jo abbess | 15.07.2006 21:13 | G8 Russia 2006
According to independent news websites in St Petersburg, over 100 protesters have been detained as part of President Putin’s campaign to suppress 8 protests in St Petersburg. The omnipresent OMON Police, part of 20,000 extra troops patrolling the city began picking up activists as early as last Friday. If you are lucky enough to have obtained a Russian visa and circumnavigated the closure of both the airport and the Gulf of Finland to have coped with the cancellations of many transport services both in and out of St Petersburg, to actually arrive here, it is fast becoming clear that simply carrying anti-G8 leaflets will get you arrested and imprisoned, most likely for ten days.
Two German cyclists, Henning and Eike, photography students from the University of Bielefeld, were arrested on Sunday evening outside the apartment where they were staying. Travelling by bicycle from Berlin as part of the Bike Caravan 2006, the group hoped to actively protest the summit while demonstrating the examples of alternative energies through cycling and working together along their tour from Berlin to Russia. Despite providing valid identification and passports, they, along with their Russian friend who had come to assist, were taken to the police station for further questioning.
From the time of their arrest on Sunday until their brief release on Monday afternoon, the Germans reported that they were given no legal aid, no food or water and were not advised what they were being charged with. Although Russian law stipulates that suspects may not be held for longer than three hours without charge, the cyclists were held until the afternoon. It was reported that this was due to the lack of an available German translator, however due to current special provisions applicable over the summit period, the period of three hours has now been extended to twenty four.
Police searched the detainee’s accomodation and questioned their neighbours. Initially the detainees were advised that they were suspected of provocative actions against the Russian Federation.
On Monday evening Henning and Eike were redetained and given the specifics of their charge, that they had urinated in a garden. Following this advice they were then granted access to legal advice. They have now been sentenced to 10 days in prison under the charge of ‘hooliganism’. This charge is a favourite of the Russian authorities. It is an umbrella term which includes incitement of racial hatred, causing public unrest, causing danger to public security and order, and public urination. The penalty for this offence is usually either 5-15 days in prison or a fine of 500 rubles (15€). As restrictions in place for the period of the summit rule out the option of the fine, all those charged face imprisonment.
There was also a report that 7 eco-activists from Ekozashita (EcoDefence) and Groza (Storm) have also been detained while campaigning on Tuesday morning against nuclear power near the Bronze Horseman Monument in central St Petersburg. This tourist landmark is within the area where all demonstrations are prohibited. Numerous charges brought against these activists range from using foul language to resist the police to resistance to law enforcement officers. Ekozashita is the same group which managed to stand up during Putin’s speech last week to NGO during the Civil G-8 conference held in Moscow. Members of Ekozashita stood up during Putins speech wearing t-shirts that read “No To Nuclear Power Stations”. At the time Putin appeared not to be perturbed, "Let them be, they came here to express themselves," he told security guards. (BBC) The activists were scheduled to appear in court today and were expected to be sentenced to 15 days imprisonment. 6 activists from the Siberian Confederation of Labour were stopped at Ekaterinburg, searched and accused of carrying dangerous items in their luggage before being removed from the St Petersburg bound train.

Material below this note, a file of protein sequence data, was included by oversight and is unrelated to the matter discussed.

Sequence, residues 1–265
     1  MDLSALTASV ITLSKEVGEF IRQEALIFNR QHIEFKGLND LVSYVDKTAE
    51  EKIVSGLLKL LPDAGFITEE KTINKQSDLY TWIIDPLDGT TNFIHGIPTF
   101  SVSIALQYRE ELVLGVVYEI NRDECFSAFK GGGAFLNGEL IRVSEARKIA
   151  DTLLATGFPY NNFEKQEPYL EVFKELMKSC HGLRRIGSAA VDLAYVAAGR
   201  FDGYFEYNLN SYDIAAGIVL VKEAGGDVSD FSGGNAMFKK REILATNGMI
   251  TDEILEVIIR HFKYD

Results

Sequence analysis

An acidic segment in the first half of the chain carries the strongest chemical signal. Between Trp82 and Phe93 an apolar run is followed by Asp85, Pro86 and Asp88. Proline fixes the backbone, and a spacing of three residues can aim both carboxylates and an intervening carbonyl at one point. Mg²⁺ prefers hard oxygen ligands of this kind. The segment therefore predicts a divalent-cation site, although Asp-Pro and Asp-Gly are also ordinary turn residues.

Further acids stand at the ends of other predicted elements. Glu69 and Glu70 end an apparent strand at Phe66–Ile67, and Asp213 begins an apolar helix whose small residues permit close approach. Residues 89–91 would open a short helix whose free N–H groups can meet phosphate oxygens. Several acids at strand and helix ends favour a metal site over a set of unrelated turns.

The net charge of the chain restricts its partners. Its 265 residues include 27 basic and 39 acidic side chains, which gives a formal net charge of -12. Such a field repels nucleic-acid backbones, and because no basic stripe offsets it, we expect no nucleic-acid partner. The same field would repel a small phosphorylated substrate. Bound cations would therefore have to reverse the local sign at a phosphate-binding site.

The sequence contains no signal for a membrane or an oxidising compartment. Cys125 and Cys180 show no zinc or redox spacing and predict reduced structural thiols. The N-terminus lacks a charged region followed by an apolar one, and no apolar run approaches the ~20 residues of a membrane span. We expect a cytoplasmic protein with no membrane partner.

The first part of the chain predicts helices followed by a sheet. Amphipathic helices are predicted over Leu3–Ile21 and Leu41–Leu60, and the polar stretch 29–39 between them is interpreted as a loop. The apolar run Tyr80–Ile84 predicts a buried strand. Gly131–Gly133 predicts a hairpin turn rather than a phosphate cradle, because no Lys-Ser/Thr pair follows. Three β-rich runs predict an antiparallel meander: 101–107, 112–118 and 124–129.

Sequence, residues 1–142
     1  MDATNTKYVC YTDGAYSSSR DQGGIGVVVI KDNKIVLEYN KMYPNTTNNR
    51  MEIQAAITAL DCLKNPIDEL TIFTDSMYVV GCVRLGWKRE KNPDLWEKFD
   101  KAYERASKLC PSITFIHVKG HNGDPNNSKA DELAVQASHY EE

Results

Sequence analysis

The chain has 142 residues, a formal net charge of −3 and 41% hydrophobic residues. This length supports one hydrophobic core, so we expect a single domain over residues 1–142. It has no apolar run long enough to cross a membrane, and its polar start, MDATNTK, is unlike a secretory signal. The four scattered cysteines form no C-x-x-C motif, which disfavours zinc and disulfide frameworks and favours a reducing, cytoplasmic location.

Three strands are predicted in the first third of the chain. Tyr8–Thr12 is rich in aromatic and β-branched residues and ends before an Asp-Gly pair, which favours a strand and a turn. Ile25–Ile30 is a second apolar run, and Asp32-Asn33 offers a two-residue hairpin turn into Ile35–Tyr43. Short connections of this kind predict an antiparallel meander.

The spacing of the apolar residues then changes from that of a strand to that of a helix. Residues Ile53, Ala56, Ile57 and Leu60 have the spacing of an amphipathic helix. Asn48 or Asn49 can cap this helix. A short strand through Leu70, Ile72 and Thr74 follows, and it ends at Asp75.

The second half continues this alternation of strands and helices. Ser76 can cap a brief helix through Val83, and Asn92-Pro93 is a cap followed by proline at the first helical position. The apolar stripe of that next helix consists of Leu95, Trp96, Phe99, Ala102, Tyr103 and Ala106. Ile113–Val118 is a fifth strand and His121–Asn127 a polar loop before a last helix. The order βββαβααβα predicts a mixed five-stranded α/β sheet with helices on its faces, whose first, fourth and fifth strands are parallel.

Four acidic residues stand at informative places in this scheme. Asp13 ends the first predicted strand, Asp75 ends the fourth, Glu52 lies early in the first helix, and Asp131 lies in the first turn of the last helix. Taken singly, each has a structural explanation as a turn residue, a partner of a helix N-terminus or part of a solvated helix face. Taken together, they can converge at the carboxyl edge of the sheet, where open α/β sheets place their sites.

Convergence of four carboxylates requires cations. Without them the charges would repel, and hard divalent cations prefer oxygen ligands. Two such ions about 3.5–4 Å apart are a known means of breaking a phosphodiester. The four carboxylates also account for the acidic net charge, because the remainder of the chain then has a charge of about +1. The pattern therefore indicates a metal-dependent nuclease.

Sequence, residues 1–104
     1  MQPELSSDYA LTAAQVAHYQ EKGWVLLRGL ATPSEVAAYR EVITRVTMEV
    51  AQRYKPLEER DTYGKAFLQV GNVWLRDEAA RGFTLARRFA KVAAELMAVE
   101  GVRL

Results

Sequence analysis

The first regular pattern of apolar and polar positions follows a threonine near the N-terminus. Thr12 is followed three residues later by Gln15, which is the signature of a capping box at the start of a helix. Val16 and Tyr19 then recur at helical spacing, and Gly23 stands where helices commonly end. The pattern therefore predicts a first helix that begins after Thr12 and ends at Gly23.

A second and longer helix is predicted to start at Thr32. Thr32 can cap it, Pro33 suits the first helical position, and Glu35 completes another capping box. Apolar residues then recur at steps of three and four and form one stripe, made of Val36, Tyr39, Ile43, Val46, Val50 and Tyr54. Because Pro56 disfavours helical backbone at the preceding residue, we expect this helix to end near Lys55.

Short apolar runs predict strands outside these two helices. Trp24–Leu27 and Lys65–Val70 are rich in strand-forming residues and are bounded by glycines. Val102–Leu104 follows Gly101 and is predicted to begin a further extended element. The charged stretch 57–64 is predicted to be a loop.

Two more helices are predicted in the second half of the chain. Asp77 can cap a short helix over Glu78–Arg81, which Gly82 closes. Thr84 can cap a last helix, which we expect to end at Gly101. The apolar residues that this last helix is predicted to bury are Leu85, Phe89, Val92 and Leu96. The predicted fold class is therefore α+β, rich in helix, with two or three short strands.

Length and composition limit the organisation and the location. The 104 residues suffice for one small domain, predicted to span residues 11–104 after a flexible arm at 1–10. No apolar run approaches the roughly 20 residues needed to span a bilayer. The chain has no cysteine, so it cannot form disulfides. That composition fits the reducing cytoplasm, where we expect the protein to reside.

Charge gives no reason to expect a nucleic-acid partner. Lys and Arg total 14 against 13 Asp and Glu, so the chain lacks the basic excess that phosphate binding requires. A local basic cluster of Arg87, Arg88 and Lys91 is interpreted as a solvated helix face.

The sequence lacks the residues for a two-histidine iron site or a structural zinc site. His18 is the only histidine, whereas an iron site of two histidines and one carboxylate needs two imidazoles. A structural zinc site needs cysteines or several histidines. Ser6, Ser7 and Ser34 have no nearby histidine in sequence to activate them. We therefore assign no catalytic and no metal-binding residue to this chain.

These latest actions follow on from systematic police raids on the homes of activists known to the police in the previous fortnight. Police visited their homes, interrogating relatives and neighbours before cautioning activists to avoid participation in any protests. In one case highlighted by the St Petersburg Times, police arrived to find an activist, Vladimir Soloveichik, out, and so insisted on questioning his 67-year-old housebound mother instead. "They asked the old woman whether she ever belonged to any political party and whether she attends any political gatherings or owns a car," Soloveichik said. It was reported on the “Network Against the G8” website Wednesday that Soloveichik, after being previously detained under house arrest had been taken into police custody
The office of the legal team of the Network against the G8 in Moscow was raided on Monday and legal documents relating to activists travelling to St Petersburg and a computer were confiscated. It was reported on independent news website that the FSB (Russian Security Police) gained entry to the flat by posing as the downstairs neighbours and claiming that there had been a flood.
The Second Russian Social Forum which is setting up an anti-globalist camp at Kirov Stadium has now been refused permission to hold the planned protest march on July 15, on the grounds that it would cause discomfort to the general public and the amount of traffic that would be caused. The decision to disallow the march, which was due to leave from Kirov Stadium to the Avrora battleship, a route of approximately 8km, will be appealed. The Avrora battleship is the closest that any demonstration was allowed to approach the city centre which is closed to all demonstrations. A press release from the The ‘Network against the G8’ website suggests that stickers will be the safest way of ‘outreaching’ to the public given the extent of the arrests already reported.